Despite the chip shortage, supply chain issues, and economic turmoil still persisting as a result of the COVID-19 pandemic, Tesla has arguably fared very well. While many global automakers are struggling to ramp up inventory, Tesla is producing and delivering cars at record levels. Nonetheless, after several recent moves by the US EV maker in China, the media is suggesting demand is waning.

Tesla recently reduced prices in China, added some local incentives, and it seems it may be exporting more vehicles than usual rather than delivering them domestically. However, the latter could begin to change quickly as the end of the quarter and the year near their end. Regardless, it seems to make sense that Tesla would be exporting vehicles to areas where people are waiting months and months to take delivery rather than delivering them locally when production is at its highest level yet and delivery times are greatly reduced.

In the past, whenever Tesla reduced delivery times, there were almost immediate reports of a lack of demand, which may certainly have been the case. However, there have also been reports that Tesla can't keep up with demand, and should produce cars more quickly.

Now, the automaker has upgraded and expanded at some factories while also building two new factories. The company is now able to produce significantly more cars than it ever has before, which is how it planned to reduce the long wait times for its vehicles.

At any rate, there more substantial rumors are now coming out of China that Tesla's recent actions signal a drop in demand. Local media company Huxiu has pointed to "sources familiar with the matter," to say that Tesla's orders in China are lower than expected. More specifically, the report claims that since Tesla reduced prices on the Model 3 and Model Y, there have only been 50,000 new orders, compared to the 100,000 to 170,000 that were reportedly referred to online.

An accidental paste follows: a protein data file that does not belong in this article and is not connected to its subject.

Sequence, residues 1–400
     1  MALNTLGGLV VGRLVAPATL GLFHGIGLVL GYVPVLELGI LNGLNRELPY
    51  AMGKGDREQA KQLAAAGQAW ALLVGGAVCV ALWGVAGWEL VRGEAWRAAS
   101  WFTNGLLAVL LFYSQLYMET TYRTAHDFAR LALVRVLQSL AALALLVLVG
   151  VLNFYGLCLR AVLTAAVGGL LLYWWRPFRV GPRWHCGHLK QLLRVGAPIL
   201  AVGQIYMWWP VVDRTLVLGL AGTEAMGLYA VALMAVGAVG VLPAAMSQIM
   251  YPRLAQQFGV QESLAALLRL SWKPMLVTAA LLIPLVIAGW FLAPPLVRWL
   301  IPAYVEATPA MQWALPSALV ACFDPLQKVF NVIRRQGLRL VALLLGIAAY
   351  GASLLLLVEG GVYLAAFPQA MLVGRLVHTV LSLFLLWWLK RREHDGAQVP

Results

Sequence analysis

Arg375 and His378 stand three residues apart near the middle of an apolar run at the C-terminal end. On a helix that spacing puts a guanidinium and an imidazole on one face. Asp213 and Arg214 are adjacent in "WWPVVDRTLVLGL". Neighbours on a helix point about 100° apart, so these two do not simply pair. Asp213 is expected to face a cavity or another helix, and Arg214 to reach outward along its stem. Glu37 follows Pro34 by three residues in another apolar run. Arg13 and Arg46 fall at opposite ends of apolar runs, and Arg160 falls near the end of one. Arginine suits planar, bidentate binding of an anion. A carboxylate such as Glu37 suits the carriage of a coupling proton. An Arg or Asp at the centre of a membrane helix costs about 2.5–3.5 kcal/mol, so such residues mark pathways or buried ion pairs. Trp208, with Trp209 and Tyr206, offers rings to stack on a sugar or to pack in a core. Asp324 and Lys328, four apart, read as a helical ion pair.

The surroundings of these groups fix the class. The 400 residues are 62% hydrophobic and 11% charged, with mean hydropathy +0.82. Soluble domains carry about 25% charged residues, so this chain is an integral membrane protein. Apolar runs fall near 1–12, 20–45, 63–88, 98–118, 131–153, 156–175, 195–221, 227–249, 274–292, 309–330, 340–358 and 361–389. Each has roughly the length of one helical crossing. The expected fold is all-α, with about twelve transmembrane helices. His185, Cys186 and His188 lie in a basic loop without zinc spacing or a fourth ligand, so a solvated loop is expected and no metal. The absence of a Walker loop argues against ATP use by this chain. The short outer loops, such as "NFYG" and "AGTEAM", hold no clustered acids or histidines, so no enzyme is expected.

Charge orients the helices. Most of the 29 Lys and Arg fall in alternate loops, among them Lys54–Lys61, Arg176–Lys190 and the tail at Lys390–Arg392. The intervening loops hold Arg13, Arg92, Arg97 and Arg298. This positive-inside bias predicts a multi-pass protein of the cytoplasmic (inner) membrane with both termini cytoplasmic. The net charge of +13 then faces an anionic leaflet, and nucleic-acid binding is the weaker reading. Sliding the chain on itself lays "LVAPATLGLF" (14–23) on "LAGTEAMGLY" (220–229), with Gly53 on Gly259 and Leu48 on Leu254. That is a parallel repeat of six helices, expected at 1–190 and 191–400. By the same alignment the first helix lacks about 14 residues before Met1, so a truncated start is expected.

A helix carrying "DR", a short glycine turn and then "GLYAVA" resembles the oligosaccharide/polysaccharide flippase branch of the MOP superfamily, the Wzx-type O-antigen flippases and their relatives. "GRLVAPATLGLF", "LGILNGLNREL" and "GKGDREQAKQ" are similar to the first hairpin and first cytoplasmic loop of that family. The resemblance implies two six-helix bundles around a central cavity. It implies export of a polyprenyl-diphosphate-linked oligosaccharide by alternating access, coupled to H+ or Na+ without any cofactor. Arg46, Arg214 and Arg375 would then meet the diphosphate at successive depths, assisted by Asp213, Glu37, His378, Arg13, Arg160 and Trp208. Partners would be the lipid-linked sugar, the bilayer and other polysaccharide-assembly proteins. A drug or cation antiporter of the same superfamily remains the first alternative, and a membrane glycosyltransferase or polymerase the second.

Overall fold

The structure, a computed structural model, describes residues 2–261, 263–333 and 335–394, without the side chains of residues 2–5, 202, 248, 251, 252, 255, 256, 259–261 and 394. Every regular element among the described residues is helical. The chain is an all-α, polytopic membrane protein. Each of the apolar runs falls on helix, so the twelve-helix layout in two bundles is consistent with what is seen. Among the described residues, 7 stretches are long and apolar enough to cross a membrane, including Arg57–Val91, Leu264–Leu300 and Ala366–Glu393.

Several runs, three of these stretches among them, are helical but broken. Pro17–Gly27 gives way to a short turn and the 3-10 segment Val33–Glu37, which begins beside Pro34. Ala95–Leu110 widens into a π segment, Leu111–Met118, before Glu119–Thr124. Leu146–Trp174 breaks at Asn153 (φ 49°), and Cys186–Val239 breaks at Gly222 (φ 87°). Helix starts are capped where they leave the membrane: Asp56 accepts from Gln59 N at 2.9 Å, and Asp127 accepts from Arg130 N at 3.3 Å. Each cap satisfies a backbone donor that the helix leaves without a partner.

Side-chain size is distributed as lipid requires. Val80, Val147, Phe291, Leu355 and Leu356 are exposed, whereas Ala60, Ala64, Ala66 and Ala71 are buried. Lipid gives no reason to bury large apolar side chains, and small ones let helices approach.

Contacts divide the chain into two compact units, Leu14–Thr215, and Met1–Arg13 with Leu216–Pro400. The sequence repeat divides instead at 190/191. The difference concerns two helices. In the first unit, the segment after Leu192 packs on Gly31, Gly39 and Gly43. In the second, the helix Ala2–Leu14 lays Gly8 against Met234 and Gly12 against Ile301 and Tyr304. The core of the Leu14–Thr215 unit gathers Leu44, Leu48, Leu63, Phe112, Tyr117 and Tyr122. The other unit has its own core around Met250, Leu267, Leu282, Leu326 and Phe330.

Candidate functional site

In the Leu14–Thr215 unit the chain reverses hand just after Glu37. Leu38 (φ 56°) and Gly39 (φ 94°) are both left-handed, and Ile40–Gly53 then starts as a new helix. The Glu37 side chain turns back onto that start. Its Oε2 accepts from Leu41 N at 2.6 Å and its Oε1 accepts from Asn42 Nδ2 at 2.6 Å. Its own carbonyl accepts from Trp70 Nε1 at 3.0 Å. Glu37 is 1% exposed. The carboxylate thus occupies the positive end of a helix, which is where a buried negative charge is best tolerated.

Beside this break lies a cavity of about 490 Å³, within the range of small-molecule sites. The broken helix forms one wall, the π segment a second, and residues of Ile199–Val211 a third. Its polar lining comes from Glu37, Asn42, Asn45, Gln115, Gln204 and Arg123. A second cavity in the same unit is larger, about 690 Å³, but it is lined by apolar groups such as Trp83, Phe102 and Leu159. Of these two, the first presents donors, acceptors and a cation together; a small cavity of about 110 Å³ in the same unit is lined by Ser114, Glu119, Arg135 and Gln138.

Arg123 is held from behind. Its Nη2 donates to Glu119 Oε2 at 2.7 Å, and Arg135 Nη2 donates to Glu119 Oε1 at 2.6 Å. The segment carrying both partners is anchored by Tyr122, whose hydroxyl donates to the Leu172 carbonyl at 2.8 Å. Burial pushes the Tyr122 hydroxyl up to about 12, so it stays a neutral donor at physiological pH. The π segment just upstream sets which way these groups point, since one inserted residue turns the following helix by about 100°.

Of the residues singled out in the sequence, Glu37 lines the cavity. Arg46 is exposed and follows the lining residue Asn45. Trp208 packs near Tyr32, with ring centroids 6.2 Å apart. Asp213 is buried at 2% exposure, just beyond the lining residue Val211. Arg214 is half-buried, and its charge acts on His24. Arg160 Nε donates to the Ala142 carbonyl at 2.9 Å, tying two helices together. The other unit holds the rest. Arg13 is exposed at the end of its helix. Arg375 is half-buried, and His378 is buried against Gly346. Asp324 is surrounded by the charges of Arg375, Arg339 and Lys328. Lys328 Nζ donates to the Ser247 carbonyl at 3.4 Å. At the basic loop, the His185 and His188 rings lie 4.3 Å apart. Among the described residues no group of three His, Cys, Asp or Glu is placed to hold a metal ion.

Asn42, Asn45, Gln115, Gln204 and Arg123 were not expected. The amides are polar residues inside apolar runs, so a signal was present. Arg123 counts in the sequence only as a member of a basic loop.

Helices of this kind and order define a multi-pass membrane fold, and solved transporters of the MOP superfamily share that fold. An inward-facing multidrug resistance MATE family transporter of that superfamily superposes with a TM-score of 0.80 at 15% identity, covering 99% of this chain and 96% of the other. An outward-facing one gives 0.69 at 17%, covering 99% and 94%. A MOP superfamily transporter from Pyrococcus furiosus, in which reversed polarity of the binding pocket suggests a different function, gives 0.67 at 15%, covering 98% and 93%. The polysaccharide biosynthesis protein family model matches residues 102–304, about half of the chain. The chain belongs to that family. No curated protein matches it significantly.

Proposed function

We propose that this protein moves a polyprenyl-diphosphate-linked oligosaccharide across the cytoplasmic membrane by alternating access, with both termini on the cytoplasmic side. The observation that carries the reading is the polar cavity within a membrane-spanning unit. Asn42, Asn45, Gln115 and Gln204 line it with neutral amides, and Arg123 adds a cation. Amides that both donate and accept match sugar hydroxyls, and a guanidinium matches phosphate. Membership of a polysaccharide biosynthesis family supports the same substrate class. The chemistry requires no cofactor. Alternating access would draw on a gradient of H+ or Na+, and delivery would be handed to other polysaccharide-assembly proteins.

Huxiu went so far as to suggest that the Model 3 is no longer as popular in China as it once was, Tesla stores are seeing reduced foot traffic, and Tesla China will likely reduce prices again in the near future.

Tesla has taken notice of the reports by Huxio and responded. Not surprisingly, the electric automaker says the media outlet's claims aren't true. That said, it seems the Tesla spokesperson didn't provide any details or proof of recent orders or deliveries.

Clearly, it's difficult to know for sure if Tesla is seeing reduced demand in China. With the current situation across the globe, it would come as no surprise if orders are slowing, though the EV maker still stands to break production and delivery records yet again. Since Tesla is a global automaker, it can potentially have reduced demand in some markets while demand grows in others.

At this point, all we can do is wait and see what the numbers tell us after the year comes to an end. Will Tesla achieve 50 percent year-over-year growth as guided? Start a conversation in the comment section below.

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